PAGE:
I think you bring up the key point about Hoffman. Even when he appears in movies that I don’t love, he’s always very good, if not great. Such a tragic loss.
I need to see some of the more recent Lee stuff- namely, the non-feature film stuff. I haven’t seen the Katrina doc but it is, by all accounts, allegedly very good.
I completely agree with you in regards to Phillip Seymour Hoffman. The man could do anything, play anyone and bring a flair to his roles that captivated you. He will be sorely missed!
I am going to have to find a copy of the Lord of the Rings animated version to watch. You’ve tickled my cinematic taste buds on that one! I had heard of it but never thought to pick it up. Thanks for jog’n the old noggin!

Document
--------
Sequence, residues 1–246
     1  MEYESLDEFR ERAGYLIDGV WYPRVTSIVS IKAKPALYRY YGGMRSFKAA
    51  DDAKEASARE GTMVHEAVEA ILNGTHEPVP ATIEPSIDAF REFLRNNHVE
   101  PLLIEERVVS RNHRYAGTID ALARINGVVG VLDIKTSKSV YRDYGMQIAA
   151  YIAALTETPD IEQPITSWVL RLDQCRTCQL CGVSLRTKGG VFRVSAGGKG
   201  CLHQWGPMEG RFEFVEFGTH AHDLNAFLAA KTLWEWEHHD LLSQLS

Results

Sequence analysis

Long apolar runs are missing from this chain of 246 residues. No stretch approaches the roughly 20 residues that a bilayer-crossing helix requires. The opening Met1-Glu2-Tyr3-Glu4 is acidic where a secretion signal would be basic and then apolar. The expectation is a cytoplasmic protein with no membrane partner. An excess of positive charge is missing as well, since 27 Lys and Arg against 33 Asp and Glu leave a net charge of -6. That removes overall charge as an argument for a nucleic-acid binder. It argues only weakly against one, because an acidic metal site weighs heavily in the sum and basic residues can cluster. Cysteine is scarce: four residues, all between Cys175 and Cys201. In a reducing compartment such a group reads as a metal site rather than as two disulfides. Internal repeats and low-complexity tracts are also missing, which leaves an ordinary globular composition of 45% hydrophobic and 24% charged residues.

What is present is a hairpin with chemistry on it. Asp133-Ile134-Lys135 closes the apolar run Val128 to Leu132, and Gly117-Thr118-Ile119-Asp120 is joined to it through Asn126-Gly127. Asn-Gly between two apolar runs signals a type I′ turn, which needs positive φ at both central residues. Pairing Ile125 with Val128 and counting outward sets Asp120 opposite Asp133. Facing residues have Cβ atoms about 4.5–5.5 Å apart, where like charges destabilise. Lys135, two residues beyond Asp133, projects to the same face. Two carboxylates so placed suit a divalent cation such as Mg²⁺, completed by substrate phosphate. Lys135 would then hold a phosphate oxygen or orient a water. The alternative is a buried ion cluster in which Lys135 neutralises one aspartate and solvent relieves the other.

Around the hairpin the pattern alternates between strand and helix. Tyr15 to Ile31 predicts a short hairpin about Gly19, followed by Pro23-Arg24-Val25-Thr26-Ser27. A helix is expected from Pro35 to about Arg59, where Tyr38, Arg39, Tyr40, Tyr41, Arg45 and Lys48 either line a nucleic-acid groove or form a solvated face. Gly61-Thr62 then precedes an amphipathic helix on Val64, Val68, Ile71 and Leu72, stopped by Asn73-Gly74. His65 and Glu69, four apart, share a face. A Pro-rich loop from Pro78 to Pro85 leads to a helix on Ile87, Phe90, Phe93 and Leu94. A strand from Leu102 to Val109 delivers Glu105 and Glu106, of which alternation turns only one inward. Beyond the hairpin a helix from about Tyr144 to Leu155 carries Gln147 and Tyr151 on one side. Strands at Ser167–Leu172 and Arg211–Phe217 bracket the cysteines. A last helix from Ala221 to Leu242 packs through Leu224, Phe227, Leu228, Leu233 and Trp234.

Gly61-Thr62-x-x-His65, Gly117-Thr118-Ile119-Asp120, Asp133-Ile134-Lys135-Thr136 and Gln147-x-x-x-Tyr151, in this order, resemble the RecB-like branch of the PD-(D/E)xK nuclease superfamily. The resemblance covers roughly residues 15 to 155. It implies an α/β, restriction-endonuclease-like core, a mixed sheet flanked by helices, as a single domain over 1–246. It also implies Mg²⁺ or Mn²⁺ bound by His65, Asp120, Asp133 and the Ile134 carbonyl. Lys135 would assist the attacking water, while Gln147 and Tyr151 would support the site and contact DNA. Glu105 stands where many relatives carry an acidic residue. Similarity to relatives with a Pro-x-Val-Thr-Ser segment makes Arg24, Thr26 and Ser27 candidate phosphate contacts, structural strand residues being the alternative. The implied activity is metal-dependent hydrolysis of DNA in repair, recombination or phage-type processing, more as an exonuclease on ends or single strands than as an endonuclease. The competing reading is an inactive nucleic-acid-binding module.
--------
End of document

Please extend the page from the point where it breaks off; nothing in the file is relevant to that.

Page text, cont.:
Netflix has it, although it took forever for them to deliver it to me.
Excellent! Thanks, I have been thinking about re-instating the DVD part of Netflix again. Now I have a good reason! Cheers!
First, I’m watching AO Scott and David Denby talk about PSH on Charlie Rose and they are talking about his filmography but neither one of them is mentioning my favorite performance of his, that in ‘Before the Devil Knows You’re Dead”. Also, I was fortunate to have worked with him for one night. I will probably blog about that soon. And Repo Man is one of the GREATEST MOVIES EVER!!!!!!!!!!!!!! It’s in my personal top 10. “The life of a repo man is always intense!”
That’s one of the few PSH movies I haven’t seen. And I’ll probably hit it up soon now.